Marlon Wayans: an act not for the easily offended

Andrew Linnabary

If it weren’t for crude humor, Marlon Wayans wouldn’t have much of a show.

Which isn’t to say there weren’t some decent jokes — there were a few, but many were dragged out to the point of exhaustion.

Wayans performed Wednesday night at the Hughes Metroplex to a roughly two-thirds full crowd. Amongst the nearly continuous laughter from the crowd were more than a few groans, given Wayans’ tendency to focus on racist or crude sexual jokes. 

His niece, Chaunté Wayans, opened the performance, and was arguably a stronger act than Marlon. She is a proud lesbian, and focused a large part of her set on her sexuality.

“I don’t want gay marriage,” Chaunté said. “When I used to mess up in my relationships I’d use the fact that it wasn’t legal as my go to. I’d be like, ‘Baby, if gay marriage was legal I’d be marrying you right now.’”

After her twenty-or-so minute set, she introduced Marlon, who jumped out from behind the curtain rapping along to Meek Mill’s “Dreams and Nightmares.” 

After his introduction, Wayans quipped, “That’s how we know we’re in Wichita, cause you’re all sitting here silent during the track like, ‘He’s singing poems of the streets.’”

Early in his set, Wayans joked about the weather in Kansas.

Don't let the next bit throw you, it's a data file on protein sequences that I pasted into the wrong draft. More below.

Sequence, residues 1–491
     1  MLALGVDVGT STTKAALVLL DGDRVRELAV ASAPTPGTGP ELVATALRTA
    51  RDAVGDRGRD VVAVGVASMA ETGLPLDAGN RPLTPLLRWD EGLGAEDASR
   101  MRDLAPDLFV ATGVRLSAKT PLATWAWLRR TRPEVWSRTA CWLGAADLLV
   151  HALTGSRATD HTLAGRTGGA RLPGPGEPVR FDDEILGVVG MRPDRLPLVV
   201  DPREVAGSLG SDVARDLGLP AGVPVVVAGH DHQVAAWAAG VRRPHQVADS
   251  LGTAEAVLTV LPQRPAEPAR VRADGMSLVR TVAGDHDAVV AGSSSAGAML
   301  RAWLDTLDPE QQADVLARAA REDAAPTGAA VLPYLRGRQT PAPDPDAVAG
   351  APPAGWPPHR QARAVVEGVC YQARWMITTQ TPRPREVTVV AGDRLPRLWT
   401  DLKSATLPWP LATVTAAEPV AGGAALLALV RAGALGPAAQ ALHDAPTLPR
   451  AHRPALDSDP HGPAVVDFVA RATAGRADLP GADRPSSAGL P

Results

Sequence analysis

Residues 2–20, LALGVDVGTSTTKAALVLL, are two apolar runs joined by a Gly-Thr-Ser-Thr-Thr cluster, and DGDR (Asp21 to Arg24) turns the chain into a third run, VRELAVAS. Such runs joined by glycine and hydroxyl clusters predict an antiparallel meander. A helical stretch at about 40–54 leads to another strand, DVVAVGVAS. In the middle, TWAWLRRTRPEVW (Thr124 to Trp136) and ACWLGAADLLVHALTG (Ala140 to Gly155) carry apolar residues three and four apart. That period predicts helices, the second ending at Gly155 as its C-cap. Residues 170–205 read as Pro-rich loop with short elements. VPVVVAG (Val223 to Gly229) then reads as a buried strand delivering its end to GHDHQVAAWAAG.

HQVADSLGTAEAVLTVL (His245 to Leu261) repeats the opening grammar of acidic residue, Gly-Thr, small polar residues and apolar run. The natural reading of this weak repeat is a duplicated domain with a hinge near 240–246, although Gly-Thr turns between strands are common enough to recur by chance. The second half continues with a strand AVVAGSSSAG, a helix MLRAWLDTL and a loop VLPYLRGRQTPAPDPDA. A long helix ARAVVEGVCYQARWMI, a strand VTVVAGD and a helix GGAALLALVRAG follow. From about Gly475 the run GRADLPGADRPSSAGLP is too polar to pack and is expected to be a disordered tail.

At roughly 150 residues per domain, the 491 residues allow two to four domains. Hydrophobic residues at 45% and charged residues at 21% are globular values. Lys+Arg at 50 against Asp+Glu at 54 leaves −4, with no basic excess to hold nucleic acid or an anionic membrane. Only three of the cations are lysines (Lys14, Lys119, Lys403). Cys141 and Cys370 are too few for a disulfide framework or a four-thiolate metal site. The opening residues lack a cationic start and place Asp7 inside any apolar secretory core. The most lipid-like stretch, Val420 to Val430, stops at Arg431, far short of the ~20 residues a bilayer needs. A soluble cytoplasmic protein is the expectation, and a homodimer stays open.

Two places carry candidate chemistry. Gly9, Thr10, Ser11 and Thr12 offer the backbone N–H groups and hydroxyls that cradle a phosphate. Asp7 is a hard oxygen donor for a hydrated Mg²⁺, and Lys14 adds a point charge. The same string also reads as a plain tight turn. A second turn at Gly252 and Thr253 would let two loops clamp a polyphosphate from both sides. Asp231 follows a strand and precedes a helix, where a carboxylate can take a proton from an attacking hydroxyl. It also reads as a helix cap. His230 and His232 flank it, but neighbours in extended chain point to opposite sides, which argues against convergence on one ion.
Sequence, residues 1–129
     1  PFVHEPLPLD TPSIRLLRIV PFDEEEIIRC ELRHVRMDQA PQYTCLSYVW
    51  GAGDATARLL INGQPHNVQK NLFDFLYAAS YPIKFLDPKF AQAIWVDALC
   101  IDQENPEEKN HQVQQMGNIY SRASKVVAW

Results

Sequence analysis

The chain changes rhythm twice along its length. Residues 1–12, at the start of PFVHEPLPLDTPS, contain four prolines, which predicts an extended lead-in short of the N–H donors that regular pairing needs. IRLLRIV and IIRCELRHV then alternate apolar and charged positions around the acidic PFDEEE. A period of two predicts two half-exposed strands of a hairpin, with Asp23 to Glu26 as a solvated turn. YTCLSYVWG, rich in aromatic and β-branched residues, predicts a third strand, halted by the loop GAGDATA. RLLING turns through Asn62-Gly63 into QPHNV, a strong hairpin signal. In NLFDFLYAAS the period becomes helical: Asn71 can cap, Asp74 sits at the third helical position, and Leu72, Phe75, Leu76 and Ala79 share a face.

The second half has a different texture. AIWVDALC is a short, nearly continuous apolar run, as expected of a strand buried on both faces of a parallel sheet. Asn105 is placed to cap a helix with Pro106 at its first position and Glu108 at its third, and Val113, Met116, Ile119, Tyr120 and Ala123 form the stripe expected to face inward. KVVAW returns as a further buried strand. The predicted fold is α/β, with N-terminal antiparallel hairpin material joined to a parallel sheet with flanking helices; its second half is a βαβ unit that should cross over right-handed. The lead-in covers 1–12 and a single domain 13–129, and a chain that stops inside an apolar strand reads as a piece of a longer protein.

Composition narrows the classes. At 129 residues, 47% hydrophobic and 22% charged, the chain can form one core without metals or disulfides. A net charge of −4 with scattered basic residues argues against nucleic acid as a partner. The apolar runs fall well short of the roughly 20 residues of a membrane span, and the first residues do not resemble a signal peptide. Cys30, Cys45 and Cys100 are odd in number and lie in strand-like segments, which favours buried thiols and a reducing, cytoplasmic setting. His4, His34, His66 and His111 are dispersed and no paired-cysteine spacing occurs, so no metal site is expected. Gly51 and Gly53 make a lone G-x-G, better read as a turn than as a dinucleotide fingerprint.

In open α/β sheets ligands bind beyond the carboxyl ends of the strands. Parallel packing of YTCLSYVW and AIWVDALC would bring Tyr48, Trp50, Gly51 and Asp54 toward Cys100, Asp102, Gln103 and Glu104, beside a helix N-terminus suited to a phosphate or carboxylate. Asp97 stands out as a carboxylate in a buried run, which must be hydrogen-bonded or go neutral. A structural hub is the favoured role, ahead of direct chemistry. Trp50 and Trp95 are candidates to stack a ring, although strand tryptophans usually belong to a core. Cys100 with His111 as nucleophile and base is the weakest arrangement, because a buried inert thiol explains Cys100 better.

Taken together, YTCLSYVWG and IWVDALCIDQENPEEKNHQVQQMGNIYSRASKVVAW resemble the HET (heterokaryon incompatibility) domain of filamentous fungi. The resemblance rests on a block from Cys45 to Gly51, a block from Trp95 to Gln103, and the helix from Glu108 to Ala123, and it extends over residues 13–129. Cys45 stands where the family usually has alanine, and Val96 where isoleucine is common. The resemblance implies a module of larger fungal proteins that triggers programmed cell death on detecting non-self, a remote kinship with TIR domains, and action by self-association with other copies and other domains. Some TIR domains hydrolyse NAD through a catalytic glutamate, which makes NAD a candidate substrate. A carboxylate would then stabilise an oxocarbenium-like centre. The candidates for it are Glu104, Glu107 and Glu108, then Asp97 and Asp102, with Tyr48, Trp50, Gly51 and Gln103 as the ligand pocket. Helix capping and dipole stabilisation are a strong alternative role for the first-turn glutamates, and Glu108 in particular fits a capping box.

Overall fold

“I heard there was a hurricane yesterday, or a tornado. You all are too calm, like, ‘It came, it went.’”

Wayans compared it to the weather in New York. He said he dislikes humidity, leading him to joke for five minutes about sweaty genitalia. 

From there, Wayans then expressed his jealousy of college kids.

“You have so much life ahead of you,” Wayans said. “I failed at school, I failed everything. The only thing I learned was partying.”

Later on, Wayans got on the topic of Prince.

“I loved Prince,” Wayans said. “When I was in college Prince was my foreplay. I didn’t know how to get none. You know Prince was good in bed. He was so little he probably crawled up in there.”

Probably the funniest bit of Wayans’ set was when he got on the topic of the presidential election.

“You know it’s bad when I would actually vote for Kanye West,” Wayans said.

 It goes to show that Wayans can actually be funny without being overtly crude.

“It’s fun to watch white people be embarrassed by white people,” Wayans said. “When Trump talks, people hold their head in their hands like, ‘God, I wish I was black today.’”

At the end of his set, Wayans provided some advice to the crowd of college students. 

“Don’t let anyone tell you that you can’t be what you want to be,” he said. “Success is all preparation. Success is not a destination. Success is a road that you travel.”

Overall, Wayans’ performance was funny, but not without its warranted groans. For audience members easily insulted or not fans of crude humor, it was probably a miss. For others, it was an offensively good time.